“The whole jury was in agreement that Eva has a very strong vision and that her work is characterised by a consistency both in aesthetic and content, since the concepts explored are the hot topics of our contemporary society,” says Alessia Glaviano, senior photo editor on Vogue Italia and member of the Hyères Festival photography jury this year – which has awarded the grand prix to Eva O’Leary. The New York-based photographer has won with a series called Spitting Image, which shows American girls aged 11 to 14 photographed while looking at themselves in a mirror. A project involving both photographs and videos, Spitting Image shows both the girls’ discomfort with being put in front of the lens, and the ways in which they – and others – present themselves for the camera.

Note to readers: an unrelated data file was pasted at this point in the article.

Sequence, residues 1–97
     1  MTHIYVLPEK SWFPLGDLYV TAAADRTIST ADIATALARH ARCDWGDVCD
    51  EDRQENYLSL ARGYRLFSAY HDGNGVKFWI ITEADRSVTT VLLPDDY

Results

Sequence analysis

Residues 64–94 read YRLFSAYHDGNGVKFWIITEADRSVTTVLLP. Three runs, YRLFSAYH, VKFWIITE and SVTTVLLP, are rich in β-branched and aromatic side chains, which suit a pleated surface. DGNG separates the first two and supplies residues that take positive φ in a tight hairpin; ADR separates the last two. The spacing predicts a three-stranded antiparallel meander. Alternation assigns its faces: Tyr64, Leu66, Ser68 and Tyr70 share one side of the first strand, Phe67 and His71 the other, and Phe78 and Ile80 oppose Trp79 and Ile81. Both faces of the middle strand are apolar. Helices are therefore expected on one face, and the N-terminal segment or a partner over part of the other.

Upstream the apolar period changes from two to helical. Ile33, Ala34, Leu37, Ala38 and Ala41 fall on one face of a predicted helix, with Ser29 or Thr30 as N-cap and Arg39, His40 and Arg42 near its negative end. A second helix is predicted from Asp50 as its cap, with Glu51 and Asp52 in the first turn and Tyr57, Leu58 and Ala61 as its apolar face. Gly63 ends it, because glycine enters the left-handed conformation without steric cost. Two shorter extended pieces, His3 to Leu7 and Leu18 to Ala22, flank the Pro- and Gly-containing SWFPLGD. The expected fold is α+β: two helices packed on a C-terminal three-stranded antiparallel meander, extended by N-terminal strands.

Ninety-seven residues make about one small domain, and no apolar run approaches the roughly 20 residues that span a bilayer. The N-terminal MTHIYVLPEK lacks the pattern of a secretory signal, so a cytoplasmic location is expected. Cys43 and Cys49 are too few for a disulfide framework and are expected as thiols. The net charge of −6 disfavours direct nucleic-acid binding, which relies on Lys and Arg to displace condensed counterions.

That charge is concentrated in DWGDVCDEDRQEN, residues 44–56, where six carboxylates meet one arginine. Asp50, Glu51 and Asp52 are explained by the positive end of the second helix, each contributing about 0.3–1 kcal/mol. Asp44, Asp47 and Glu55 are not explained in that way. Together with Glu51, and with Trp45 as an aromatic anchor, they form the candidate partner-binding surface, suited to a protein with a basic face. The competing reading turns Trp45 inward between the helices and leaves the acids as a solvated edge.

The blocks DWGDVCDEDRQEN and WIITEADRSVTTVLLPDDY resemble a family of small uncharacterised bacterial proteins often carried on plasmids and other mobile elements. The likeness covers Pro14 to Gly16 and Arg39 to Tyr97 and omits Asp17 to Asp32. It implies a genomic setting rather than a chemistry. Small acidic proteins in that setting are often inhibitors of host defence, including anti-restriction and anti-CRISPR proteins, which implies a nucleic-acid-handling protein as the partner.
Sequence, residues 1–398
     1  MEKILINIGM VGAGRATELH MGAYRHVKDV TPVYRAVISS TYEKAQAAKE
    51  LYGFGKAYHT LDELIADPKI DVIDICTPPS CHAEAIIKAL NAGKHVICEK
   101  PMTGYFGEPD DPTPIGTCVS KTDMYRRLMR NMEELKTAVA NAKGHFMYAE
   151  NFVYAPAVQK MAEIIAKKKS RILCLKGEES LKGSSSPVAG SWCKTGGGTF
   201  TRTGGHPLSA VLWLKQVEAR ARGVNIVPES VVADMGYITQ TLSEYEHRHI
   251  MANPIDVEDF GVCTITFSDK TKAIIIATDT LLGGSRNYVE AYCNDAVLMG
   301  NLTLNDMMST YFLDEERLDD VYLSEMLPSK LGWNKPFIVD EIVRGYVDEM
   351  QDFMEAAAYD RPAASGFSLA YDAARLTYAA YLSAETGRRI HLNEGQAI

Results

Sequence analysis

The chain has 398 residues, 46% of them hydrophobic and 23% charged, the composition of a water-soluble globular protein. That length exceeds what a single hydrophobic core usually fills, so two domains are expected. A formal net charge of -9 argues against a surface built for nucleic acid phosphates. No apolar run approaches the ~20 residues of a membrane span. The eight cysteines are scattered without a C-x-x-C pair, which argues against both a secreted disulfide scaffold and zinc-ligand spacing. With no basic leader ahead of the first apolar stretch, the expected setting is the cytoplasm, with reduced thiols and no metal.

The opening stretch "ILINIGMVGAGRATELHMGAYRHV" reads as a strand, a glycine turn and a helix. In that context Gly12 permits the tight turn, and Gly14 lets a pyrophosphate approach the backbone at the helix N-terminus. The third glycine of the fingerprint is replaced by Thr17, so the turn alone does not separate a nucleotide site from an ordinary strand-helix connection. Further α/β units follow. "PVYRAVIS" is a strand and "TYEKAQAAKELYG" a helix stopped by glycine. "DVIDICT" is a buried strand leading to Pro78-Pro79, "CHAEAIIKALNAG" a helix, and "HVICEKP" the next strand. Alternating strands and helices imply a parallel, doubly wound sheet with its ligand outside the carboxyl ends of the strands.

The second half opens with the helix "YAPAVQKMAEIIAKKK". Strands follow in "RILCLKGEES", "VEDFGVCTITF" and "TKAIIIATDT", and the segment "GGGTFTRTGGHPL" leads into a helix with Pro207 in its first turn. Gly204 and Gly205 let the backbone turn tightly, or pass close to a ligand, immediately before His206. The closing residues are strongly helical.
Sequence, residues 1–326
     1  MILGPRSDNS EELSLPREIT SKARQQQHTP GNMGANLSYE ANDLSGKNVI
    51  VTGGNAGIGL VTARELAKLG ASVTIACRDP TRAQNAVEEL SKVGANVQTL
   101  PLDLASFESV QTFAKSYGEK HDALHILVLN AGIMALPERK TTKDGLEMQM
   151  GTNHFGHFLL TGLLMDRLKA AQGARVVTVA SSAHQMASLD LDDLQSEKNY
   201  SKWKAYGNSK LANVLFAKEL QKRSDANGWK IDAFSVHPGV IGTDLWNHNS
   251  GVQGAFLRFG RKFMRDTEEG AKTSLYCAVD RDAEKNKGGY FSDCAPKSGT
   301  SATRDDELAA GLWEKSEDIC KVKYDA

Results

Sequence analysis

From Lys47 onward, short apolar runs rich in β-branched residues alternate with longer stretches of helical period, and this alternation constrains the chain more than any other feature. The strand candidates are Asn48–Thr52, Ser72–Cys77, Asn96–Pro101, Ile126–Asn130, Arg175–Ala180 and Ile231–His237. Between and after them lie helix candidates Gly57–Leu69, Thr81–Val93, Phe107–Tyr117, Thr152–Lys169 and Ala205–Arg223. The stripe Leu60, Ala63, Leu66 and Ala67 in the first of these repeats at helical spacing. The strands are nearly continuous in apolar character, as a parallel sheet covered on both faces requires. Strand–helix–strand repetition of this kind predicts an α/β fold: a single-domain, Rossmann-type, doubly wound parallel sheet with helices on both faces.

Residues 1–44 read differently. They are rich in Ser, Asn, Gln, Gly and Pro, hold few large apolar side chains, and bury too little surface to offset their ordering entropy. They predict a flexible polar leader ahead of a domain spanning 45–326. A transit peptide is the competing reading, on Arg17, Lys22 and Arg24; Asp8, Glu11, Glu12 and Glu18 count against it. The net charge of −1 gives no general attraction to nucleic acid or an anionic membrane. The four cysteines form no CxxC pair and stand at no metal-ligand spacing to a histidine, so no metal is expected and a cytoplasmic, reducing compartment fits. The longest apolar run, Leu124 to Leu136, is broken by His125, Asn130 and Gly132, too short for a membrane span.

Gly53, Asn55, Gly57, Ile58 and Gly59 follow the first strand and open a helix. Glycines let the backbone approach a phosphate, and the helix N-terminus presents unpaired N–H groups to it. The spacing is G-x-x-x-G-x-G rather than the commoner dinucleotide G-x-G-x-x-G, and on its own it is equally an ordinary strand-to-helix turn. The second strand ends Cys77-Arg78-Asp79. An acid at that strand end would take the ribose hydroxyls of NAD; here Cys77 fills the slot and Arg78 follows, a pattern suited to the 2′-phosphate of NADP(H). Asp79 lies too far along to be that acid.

“It’s getting near show time!” the voice would boom out over the cheers of the punters. Susan Meiselas would hover at first near the back of the tent. “Don’t be shy, take your hands out of your pockets, take your money out of your wallets. Rest your elbows on the stage and look up into the whole, the whole goddamn show. Show time! Where they strip to please, not to tease!” Susan Meiselas was 24 when she started Carnival Strippers. It was the summer of 1972, and her photography experience was limited to portraits of her housemates in Cambridge, Massachusetts. She had just completed an MA from Harvard, yet she still was shy and unsure of herself – very unlike the direct intellect of today, who treats Magnum’s offices like second homes.